1. ## problem 2

i need help with part b of the Q

2. Is there a reason why you could not just type the problem in yourself? Many people are reluctant to open attachments for fear of viruses.

Here is what you have:
Consider the differential operator T: $\displaystyle D^3+ 3D- 5I: R_3[X]\to R_3[X]$.
a) Is this a linear operator? If so what is the representing matrix of this mapping? (I presume you mean "in the standard basis".)

b) Find at least one vector in the pre-image set $\displaystyle T^{-1}(\left{0\right})$.

c) (Bonus) Find the pre-image set $\displaystyle T^{-1}(\left{0\right})$.
($\displaystyle T^{-1}(\left{0\right})$ is also called the "nullspace" of T.)

Now, what have you done on these yourself? A good method of finding the matrix representing a mapping, in a given basis, is to apply the mapping to the basis vectors in turn, writing the result in terms of the basis. The coefficients are the columns of the matrix.

The standard basis for $\displaystyle R_3[X]$ is {1, x, $\displaystyle x^2$, $\displaystyle x^3$}. What is T(1)? What is T(x)?

As for finding vectors in the null space, take a general polynomial, p(x), in $\displaystyle R_3[X]$, apply T to it and set it equal to 0. What must the coefficients of p be so that T(p)= 0?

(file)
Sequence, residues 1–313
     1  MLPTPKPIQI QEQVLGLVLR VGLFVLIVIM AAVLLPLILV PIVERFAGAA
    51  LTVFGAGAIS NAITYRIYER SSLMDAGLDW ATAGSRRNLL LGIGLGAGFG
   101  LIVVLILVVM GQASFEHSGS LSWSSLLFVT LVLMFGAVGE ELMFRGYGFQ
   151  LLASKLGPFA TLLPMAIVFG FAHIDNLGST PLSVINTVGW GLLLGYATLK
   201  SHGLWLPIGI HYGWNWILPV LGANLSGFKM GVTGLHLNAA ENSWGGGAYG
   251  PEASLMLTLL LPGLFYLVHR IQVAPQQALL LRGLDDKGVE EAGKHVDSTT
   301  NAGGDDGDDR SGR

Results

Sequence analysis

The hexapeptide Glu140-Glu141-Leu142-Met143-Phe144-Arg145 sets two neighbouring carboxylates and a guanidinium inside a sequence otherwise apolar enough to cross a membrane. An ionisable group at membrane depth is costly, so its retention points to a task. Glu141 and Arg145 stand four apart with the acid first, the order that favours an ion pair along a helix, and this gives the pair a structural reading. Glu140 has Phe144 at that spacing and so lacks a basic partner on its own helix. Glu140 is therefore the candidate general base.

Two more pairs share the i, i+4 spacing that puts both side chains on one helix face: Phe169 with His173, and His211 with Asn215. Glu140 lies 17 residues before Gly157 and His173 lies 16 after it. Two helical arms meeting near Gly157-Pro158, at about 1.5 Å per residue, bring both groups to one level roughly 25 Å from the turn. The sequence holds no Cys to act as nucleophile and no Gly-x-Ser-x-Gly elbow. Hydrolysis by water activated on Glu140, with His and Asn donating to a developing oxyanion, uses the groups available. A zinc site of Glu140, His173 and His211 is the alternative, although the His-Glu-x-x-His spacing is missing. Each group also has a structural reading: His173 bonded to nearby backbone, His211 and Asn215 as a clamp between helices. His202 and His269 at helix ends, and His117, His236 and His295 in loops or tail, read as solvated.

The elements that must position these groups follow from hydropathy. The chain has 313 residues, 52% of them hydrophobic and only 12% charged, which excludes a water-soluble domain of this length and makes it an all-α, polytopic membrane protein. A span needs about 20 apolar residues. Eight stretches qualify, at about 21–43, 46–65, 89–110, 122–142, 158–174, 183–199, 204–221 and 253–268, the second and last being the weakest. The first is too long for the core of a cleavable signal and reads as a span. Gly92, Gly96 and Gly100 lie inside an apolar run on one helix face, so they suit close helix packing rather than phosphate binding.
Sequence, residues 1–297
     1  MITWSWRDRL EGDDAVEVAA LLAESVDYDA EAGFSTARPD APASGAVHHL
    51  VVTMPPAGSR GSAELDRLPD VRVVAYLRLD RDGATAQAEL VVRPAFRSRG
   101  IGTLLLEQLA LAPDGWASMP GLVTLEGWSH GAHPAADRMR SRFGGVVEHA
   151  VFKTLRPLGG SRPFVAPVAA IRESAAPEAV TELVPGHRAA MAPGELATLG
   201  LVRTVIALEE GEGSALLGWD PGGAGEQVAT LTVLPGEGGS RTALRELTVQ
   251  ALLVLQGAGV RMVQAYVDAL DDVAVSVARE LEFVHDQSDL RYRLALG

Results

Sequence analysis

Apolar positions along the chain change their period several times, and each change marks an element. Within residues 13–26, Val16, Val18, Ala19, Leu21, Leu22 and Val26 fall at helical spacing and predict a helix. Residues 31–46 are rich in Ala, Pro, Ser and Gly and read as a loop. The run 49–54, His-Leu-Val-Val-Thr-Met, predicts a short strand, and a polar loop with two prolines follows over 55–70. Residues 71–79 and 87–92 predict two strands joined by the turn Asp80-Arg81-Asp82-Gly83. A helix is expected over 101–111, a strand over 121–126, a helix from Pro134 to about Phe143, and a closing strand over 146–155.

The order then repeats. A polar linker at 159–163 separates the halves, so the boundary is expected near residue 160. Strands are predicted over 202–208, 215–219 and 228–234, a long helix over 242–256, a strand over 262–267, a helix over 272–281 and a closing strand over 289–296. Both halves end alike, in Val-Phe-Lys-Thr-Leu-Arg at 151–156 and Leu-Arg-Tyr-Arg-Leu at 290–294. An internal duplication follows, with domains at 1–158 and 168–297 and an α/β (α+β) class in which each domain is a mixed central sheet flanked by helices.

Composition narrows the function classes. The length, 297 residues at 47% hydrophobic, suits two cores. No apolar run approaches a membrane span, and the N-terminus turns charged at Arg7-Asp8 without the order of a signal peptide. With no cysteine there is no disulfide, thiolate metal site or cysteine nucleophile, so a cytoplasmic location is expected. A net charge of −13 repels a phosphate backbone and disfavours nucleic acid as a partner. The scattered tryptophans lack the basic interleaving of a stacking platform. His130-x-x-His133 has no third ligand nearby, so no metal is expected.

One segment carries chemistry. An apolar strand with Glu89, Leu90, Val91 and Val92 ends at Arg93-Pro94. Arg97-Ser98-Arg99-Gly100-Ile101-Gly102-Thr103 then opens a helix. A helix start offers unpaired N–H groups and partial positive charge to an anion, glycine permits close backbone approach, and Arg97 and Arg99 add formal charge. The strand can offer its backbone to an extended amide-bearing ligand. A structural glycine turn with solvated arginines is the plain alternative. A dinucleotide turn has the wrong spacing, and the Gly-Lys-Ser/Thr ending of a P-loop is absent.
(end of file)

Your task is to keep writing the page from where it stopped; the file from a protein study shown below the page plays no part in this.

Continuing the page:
i need help with part b of the Q

Nu, what's a polynomial (of any degree, but here of degree $\displaystyle \leq 3$) whose derivative is zero??

Tonio

4. Originally Posted by HallsofIvy
Is there a reason why you could not just type the problem in yourself? Many people are reluctant to open attachments for fear of viruses.

Here is what you have:
Consider the differential operator T: $\displaystyle D^3+ 3D- 5I: R_3[X]\to R_3[X]$.
a) Is this a linear operator? If so what is the representing matrix of this mapping? (I presume you mean "in the standard basis".)

b) Find at least one vector in the pre-image set $\displaystyle T^{-1}(\left{0\right})$.

c) (Bonus) Find the pre-image set $\displaystyle T^{-1}(\left{0\right})$.
($\displaystyle T^{-1}(\left{0\right})$ is also called the "nullspace" of T.)

Now, what have you done on these yourself? A good method of finding the matrix representing a mapping, in a given basis, is to apply the mapping to the basis vectors in turn, writing the result in terms of the basis. The coefficients are the columns of the matrix.

The standard basis for $\displaystyle R_3[X]$ is {1, x, $\displaystyle x^2$, $\displaystyle x^3$}. What is T(1)? What is T(x)?

As for finding vectors in the null space, take a general polynomial, p(x), in $\displaystyle R_3[X]$, apply T to it and set it equal to 0. What must the coefficients of p be so that T(p)= 0?
but the question asked me about $\displaystyle T^{-1}$ (0)
I allready found the representing matrix for T, but I dont understand what I need to do next, should I find the representing metrix for T^-1 , and try to find a non zero vector "u" so that: $\displaystyle M{t^{-1}}*U=0$